Some of the variables and techniques that should be utilized are:

  • Full Range-of-Motion:  Muscle is made up of many segments like the links in a chain so it is important to work a muscle through its full range-of-motion so that there are minimal “weak” spots.
  • Rotation:  Muscle works in three dimensions and rotation is one of those dimensions, but it is often forgotten so some exercises should include rotational movements.
  • Interval training:  This is where the speed of the repetitions is changed.  Usually a person alternates between slow, medium and fast.  The faster you go the shorter the time spent at that speed level.
  • Pyramid:  This is when you start lifting at a lighter weight and increase the weight on subsequent sets.
  • Drop sets (or drop reps):  This is when you start with a heavier weight and decrease the weight either within the set or on subsequent sets.
  • Isometric Holds:  It is beneficial to incorporate some isometric holds in your training.  This helps to create strong stabilizing muscle.  Holds can be anywhere from a few seconds to minutes.
  • Slow eccentric (or negatives):  Slowing decelerating force through the second phase of a rep is a great way to increase strength.   If you cannot slowly decelerate force then you are lifting too much weight and weight should NEVER, EVER be dropped because you miss this important technique at the most important time in the rep (when the muscle is the most tired).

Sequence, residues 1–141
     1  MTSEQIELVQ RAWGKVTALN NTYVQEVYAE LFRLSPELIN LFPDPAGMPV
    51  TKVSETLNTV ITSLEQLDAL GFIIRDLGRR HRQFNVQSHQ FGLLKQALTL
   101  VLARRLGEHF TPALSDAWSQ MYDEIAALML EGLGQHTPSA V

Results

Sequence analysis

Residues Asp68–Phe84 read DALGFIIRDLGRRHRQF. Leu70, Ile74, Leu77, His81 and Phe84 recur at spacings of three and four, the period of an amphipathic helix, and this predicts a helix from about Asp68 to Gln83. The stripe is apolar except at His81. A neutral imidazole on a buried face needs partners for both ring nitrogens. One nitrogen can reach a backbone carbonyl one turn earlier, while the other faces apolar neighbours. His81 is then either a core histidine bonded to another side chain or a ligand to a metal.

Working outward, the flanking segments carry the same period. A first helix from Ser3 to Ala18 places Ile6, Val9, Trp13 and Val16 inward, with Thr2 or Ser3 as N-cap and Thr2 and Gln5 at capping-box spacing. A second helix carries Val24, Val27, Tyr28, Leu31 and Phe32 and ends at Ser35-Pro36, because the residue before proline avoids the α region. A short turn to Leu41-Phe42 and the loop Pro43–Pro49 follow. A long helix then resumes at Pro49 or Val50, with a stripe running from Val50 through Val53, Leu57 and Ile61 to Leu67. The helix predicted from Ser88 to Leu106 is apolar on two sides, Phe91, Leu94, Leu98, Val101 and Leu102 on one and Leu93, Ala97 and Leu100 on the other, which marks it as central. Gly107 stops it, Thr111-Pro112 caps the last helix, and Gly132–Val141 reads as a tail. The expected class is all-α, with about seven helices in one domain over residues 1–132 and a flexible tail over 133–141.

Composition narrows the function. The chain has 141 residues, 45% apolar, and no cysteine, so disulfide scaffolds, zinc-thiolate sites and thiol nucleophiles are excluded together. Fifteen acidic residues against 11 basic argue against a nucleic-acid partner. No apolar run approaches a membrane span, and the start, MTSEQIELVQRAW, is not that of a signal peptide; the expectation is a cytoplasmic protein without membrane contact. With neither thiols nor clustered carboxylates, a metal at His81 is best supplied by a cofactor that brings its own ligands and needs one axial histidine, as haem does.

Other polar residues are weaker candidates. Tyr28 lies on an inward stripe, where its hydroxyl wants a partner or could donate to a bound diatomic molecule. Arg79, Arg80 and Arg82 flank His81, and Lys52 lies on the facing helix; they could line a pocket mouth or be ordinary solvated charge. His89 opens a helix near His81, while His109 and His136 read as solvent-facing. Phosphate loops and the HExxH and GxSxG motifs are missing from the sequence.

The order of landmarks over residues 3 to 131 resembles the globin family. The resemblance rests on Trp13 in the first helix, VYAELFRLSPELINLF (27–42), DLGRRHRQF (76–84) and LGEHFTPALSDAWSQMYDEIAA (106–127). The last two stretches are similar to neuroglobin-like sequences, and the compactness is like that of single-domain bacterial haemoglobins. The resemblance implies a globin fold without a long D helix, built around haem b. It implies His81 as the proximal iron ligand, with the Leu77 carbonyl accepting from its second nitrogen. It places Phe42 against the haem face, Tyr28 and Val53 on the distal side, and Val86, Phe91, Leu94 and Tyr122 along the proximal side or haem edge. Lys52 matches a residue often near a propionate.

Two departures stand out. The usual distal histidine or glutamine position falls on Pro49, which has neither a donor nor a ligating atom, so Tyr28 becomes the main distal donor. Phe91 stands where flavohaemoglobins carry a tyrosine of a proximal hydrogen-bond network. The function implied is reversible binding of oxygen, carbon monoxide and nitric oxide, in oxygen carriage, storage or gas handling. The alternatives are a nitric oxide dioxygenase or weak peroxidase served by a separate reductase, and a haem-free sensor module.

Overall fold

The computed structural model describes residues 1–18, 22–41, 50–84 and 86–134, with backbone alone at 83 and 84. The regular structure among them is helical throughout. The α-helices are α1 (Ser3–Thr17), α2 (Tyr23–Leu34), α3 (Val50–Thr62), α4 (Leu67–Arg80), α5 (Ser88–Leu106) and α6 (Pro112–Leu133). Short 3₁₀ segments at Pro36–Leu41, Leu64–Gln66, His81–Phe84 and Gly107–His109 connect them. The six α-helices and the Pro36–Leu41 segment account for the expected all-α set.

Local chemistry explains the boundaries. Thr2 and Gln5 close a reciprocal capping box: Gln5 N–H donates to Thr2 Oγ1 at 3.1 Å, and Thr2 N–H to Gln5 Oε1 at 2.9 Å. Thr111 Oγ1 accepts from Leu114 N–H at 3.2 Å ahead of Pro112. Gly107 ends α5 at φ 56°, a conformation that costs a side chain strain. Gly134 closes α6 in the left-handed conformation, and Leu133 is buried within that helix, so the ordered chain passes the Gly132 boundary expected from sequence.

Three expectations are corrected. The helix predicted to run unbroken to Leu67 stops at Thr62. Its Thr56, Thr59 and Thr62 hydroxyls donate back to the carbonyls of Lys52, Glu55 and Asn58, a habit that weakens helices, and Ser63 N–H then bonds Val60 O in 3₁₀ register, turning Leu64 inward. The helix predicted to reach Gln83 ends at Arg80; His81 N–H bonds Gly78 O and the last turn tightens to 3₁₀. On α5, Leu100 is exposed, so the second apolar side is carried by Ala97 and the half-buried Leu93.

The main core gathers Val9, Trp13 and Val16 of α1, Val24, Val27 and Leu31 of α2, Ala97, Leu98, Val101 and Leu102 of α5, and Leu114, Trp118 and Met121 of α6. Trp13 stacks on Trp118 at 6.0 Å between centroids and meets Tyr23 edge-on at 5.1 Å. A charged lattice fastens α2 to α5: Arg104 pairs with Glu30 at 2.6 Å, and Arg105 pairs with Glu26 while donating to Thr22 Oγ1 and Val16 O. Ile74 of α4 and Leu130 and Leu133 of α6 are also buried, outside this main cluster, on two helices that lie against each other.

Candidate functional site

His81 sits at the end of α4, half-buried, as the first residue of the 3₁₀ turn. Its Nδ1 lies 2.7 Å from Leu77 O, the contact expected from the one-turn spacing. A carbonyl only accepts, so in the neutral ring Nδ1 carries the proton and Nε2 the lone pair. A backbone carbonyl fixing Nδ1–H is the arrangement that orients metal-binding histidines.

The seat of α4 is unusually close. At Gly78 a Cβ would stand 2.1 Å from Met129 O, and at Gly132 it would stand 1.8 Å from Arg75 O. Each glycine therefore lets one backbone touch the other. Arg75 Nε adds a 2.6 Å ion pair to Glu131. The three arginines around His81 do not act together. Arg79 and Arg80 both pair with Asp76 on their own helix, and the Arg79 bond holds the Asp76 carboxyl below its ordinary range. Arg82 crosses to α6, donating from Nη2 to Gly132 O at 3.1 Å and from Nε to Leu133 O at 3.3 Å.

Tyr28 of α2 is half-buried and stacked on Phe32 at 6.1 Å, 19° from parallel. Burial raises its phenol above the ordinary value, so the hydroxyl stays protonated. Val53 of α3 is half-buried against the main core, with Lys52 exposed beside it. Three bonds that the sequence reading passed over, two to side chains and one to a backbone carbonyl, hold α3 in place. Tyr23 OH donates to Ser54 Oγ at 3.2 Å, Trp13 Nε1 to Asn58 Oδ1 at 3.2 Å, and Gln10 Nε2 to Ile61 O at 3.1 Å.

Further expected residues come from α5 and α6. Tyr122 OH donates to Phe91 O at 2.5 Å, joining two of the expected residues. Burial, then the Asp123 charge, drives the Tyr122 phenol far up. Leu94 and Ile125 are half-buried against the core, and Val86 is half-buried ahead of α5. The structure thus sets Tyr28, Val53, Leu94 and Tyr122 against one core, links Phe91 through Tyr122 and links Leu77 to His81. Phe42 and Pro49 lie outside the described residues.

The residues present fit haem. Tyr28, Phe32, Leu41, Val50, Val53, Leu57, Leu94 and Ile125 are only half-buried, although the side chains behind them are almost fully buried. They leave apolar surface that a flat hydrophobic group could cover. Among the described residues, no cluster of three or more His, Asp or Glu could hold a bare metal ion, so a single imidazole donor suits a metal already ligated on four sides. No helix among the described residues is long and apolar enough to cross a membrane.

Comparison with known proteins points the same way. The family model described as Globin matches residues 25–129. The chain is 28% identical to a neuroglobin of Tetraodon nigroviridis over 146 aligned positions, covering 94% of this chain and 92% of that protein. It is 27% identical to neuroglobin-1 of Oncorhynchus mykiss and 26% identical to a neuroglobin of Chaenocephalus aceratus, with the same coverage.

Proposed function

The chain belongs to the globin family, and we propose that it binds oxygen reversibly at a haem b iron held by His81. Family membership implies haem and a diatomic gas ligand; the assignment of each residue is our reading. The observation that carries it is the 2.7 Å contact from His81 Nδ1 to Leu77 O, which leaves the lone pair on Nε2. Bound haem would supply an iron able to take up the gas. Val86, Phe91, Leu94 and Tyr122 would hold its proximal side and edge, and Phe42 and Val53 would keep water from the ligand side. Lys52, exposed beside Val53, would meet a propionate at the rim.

• Slow concentric:  This is even harder than slow eccentric.  This is the first stage of the rep when you are producing force.  It is a great technique, but many people find it difficult to do.
  • Plyometrics or bouncing:  This is only for those whose joints are trouble free.  Anyone with any kind of degeneration or underlying problem should not do plyometric training which incorporates jumping or bouncing movements.  This is a great way to strengthen (especially for athletes) because it develops the highest level of decelerating strength.